The leaves and flowers are pretty large. You can train them as bonsai, but they would need to be on the bigger side to look proportional.Any one ever tried this as bonsai? If so, which variety is best. Multiple blooms a year have to to be gorgeous!
A friend of mine owns a large wholesale nursery and he has every different color and kind imaginable. I was just wondering if anyone every tried it.The leaves and flowers are pretty large. You can train them as bonsai, but they would need to be on the bigger side to look proportional.
Also legally you cannot propagate them until their patent expires which is 20yrs from when the patent was applied for that specific cultivar.
Wow, much more thorough reply than I was expecting, thanks! Looking up that bonsai focus now. Will add some pics cause well, it's no fun without them.Hello and welcome aboard BonsaiNut!
Please enter your location and USDA zone equivalent by double tapping your icon and entering this data. This way we can tailor our advice to your location. Better still, you might connent with another bonsai person in your vicinity.
Encores rebloom, most satsuki’s don’t, so cutting after blooming for the satsukis is standard practice. There are many variations on after flowering pruning depending on the age, stage and one‘s goals. This is beyond this reply, but there are plenty of resources Bonsai Focus 3.2016 has an article on this topic.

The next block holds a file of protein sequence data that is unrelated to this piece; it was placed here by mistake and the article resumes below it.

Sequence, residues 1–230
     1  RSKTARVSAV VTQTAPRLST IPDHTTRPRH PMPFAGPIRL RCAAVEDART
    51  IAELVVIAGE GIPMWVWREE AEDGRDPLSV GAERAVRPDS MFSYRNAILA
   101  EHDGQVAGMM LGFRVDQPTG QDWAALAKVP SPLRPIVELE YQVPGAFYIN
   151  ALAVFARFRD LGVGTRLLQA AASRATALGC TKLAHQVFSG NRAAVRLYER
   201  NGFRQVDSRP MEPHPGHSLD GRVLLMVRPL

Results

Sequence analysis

If you remove the buds totally in early spring for two years and then let these bloom the third you could follow the basic Japanese method =
Full Bloom 1st year -
The grocery azalea is likely something else unless it’s labeled as such. However treat it like a satsuki and see what happens.
Encores rebloom. Pruning after first bloom, which is the heaviest bloom will divert the energy to growth for the rest of the year. I’ve done this procedure to our Encores (7) and got a hefty, lanky, grow out and pruned the growth back in Mid July and each Encore pushed solid growth again.